The contact number of an amino acid residue in a protein structure is defined by the number of C(beta) atoms around the C(beta) atom of the given residue, a quantity similar to, but different from, solvent accessible surface area. We present a method to predict the contact numbers of a protein from its amino acid sequence. The method is based on a simple linear regression scheme and predicts the absolute values of contact numbers. When single sequences are used for both parameter estimation and cross-validation, the present method predicts the contact numbers with a correlation coefficient of 0.555 on average. When multiple sequence alignments are used, the correlation increases to 0.627, which is a significant improvement over previous methods. In terms of discrete states prediction, the accuracies for 2-, 3-, and 10-state predictions are, respectively, 71.4%, 54.1%, and 18.9% with residue type-dependent unbiased thresholds, and 76.3%, 59.2%, and 21.8% with residue type-independent unbiased thresholds. The difference between accessible surface area and contact number from a prediction viewpoint and the application of contact number prediction to three-dimensional structure prediction are discussed. PMID:15523668

Kinjo, Akira R; Horimoto, Katsuhisa; Nishikawa, Ken

2005-01-01

291

Functional and immunological relevance of Anaplasma marginale major surface protein 1a sequence and structural analysis.  

Science.gov (United States)

Bovine anaplasmosis is caused by cattle infection with the tick-borne bacterium, Anaplasma marginale. The major surface protein 1a (MSP1a) has been used as a genetic marker for identifying A. marginale strains based on N-terminal tandem repeats and a 5'-UTR microsatellite located in the msp1a gene. The MSP1a tandem repeats contain immune relevant elements and functional domains that bind to bovine erythrocytes and tick cells, thus providing information about the evolution of host-pathogen and vector-pathogen interactions. Here we propose one nomenclature for A. marginale strain classification based on MSP1a. All tandem repeats among A. marginale strains were classified and the amino acid variability/frequency in each position was determined. The sequence variation at immunodominant B cell epitopes was determined and the secondary (2D) structure of the tandem repeats was modeled. A total of 224 different strains of A. marginale were classified, showing 11 genotypes based on the 5'-UTR microsatellite and 193 different tandem repeats with high amino acid variability per position. Our results showed phylogenetic correlation between MSP1a sequence, secondary structure, B-cell epitope composition and tick transmissibility of A. marginale strains. The analysis of MSP1a sequences provides relevant information about the biology of A. marginale to design vaccines with a cross-protective capacity based on MSP1a B-cell epitopes. PMID:23776456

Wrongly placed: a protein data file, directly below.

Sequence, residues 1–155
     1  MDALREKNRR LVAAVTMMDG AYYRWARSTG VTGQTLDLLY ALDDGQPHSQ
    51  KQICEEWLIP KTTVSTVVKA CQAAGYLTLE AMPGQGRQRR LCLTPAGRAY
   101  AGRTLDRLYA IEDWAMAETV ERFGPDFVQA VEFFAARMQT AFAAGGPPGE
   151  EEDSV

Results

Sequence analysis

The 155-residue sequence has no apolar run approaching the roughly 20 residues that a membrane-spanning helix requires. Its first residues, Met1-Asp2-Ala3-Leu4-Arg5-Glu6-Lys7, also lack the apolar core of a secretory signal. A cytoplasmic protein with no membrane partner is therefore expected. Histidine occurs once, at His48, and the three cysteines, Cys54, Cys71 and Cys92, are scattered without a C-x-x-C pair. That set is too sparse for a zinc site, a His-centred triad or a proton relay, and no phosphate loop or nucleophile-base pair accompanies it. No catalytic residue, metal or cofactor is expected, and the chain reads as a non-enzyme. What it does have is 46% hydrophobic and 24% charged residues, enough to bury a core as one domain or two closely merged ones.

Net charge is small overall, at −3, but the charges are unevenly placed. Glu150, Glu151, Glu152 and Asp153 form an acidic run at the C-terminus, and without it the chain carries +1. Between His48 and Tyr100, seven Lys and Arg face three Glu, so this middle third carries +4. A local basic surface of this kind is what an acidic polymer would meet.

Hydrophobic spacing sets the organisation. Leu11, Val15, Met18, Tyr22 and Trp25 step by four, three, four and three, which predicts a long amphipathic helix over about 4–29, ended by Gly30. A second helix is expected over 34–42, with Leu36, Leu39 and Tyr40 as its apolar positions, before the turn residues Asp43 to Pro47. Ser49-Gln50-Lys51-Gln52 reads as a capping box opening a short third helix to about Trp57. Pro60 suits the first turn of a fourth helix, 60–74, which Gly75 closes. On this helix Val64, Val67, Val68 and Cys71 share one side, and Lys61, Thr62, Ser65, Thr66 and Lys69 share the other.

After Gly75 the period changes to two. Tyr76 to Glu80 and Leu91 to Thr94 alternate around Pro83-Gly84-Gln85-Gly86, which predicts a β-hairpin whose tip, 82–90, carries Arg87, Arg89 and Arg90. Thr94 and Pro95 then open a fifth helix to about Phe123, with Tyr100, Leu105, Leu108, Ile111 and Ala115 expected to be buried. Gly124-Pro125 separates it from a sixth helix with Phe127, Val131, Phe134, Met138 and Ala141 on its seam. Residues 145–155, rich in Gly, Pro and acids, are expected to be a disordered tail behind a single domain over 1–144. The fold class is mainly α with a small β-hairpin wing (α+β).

Cabezas-Cruz, Alejandro; Passos, Lygia M F; Lis, Katarzyna; Kenneil, Rachel; Valdés, James J; Ferrolho, Joana; Tonk, Miray; Pohl, Anna E; Grubhoffer, Libor; Zweygarth, Erich; Shkap, Varda; Ribeiro, Mucio F B; Estrada-Peña, Agustín; Kocan, Katherine M; de la Fuente, José

2013-01-01

292

Evolutionary conservation of sequence and secondary structures inCRISPR repeats  

Energy Technology Data Exchange (ETDEWEB)

Clustered Regularly Interspaced Palindromic Repeats (CRISPRs) are a novel class of direct repeats, separated by unique spacer sequences of similar length, that are present in {approx}40% of bacterial and all archaeal genomes analyzed to date. More than 40 gene families, called CRISPR-associated sequences (CAS), appear in conjunction with these repeats and are thought to be involved in the propagation and functioning of CRISPRs. It has been proposed that the CRISPR/CAS system samples, maintains a record of, and inactivates invasive DNA that the cell has encountered, and therefore constitutes a prokaryotic analog of an immune system. Here we analyze CRISPR repeats identified in 195 microbial genomes and show that they can be organized into multiple clusters based on sequence similarity. All individual repeats in any given cluster were inferred to form characteristic RNA secondary structure, ranging from non-existent to pronounced. Stable secondary structures included G:U base pairs and exhibited multiple compensatory base changes in the stem region, indicating evolutionary conservation and functional importance. We also show that the repeat-based classification corresponds to, and expands upon, a previously reported CAS gene-based classification including specific relationships between CRISPR and CAS subtypes.

Kunin, Victor; Sorek, Rotem; Hugenholtz, Philip

2006-09-01

293

Combining classifiers for improved classification of proteins from sequence or structure  

Directory of Open Access Journals (Sweden)

Full Text Available Abstract Background Predicting a protein's structural or functional class from its amino acid sequence or structure is a fundamental problem in computational biology. Recently, there has been considerable interest in using discriminative learning algorithms, in particular support vector machines (SVMs, for classification of proteins. However, because sufficiently many positive examples are required to train such classifiers, all SVM-based methods are hampered by limited coverage. Results In this study, we develop a hybrid machine learning approach for classifying proteins, and we apply the method to the problem of assigning proteins to structural categories based on their sequences or their 3D structures. The method combines a full-coverage but lower accuracy nearest neighbor method with higher accuracy but reduced coverage multiclass SVMs to produce a full coverage classifier with overall improved accuracy. The hybrid approach is based on the simple idea of "punting" from one method to another using a learned threshold. Conclusion In cross-validated experiments on the SCOP hierarchy, the hybrid methods consistently outperform the individual component methods at all levels of coverage. Code and data sets are available at http://noble.gs.washington.edu/proj/sabretooth